What's A Partially-Tripped Circuit Breaker?

A new panel was installed but one of the rooms had no power even though the circuit breaker switch was "on." I was advised that this may be a "partially-tripped" breaker and told to flip the switch off and then back to "on." It worked! Power restored.
If the breaker switch was pointed to "on," why was the power off. And what is a "partially-tripped" breaker? TIA.
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Circuit breakers can trip two ways. First a human can flip it all the way off. Second, excessive current can flip the breaker part way off (still fully disconnected) so that you know this tripped due to a safety issue.
To reset a breaker that has tripped due to an electrical problem (not due to a human), one must first flip breaker all the way to off, and then flip it all the way back to on.
A partially flipped breaker is a warning to the human who resets it - "Houston, we had a problem".
Marie wrote:

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wrote:

Yes, that's how you reset a tripped breaker: switch it off, then on.

There is no such thing as a "partially-tripped" breaker. When a breaker trips, it trips. Period.
Breakers have *three* positions, not two: on, tripped, and off. The tripped position is midway between on and off. Sometimes, when a breaker trips, the handle doesn't move very far, and the handle is still near the on position, making it appear at first glance that the breaker is still on. Sounds like that's what happened to you.
-- Regards, Doug Miller (alphageek at milmac dot com)
Nobody ever left footprints in the sands of time by sitting on his butt. And who wants to leave buttprints in the sands of time?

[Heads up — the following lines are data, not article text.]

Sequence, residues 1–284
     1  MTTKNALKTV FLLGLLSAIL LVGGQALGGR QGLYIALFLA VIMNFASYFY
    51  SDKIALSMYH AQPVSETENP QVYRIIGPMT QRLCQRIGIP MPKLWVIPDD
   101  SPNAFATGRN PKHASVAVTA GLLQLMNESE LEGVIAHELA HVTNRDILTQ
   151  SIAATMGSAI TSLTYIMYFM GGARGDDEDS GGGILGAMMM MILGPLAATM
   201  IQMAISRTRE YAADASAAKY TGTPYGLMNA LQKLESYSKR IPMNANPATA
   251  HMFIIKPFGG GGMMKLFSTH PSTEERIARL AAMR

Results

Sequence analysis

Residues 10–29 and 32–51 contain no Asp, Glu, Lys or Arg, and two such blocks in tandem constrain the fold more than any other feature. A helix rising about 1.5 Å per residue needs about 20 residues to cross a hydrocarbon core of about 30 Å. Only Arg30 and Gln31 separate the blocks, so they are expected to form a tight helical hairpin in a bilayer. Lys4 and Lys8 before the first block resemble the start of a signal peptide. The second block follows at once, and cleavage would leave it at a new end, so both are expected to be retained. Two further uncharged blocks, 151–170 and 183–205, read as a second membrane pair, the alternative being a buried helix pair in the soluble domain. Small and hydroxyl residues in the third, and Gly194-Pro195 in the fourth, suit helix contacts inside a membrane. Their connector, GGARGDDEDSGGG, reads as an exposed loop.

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Doug Miller wrote:
snipped-for-privacy@home.org (Marie) wrote:

And
breaker trips,

tripped
trips, the

position,
like
butt.
And if the breaker was truly in the 'on' position, you have a very faulty breaker. Replace it. You can tell a tripped breaker by comparing its position against the ones above/below. It should be distinctly out of position.
Harry K
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replying to Harry K, Corey William Burke-Smith wrote: Well I agree with you about the part about faulty breakers, but if a breaker partially trips, only part of the circuit that breaker manages is receiving power, the rest of the circuit isn't receiving enough electricity to respond correctly, thus seeming to not have any power at all, let's say for instance the breaker for the kitchen partially trips, and none of the appliances have any power, but the lights have power. Odds are the breaker is faulty and needs to be replaced, otherwise you'll be stuck turning it off and back on once every day.
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On 11/3/2018 11:14 AM, Corey William Burke-Smith wrote:

If the appliances have no power but the light does, that means it was wired properly. It is for safety that lights and receptacles are on different circuits. Large rooms will be split side by side.
As for partial trips, you have no clue. Stop spreading misinformation. There is no such thing.
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On Saturday, November 3, 2018 at 11:14:07 AM UTC-4, Corey William Burke-Smith wrote:

That's all incorrect. What they are talking about with a "partially tripped breaker", is a breaker that is tripped, but the handle only moves partially toward the off position. It's actually fully tripped, the circuit is de-energized, but the handle isn't all the way over to the off position where it would be if you turned it off manually. With a single pole breaker, it's impossible for part of the circuit to be energized and part not. With a double pole breaker, it might be theoretically possible for one half to be energized, but the only way would be some bizarre, probably impossible failure inside the breaker where one half could make contact while the other half could not. In a practical sense, if the breaker trips to that intermediate position and any lights, receptacles, etc are without power, all the ones on that circuit are also without power.
What you have is a breaker that tripped, the question is why.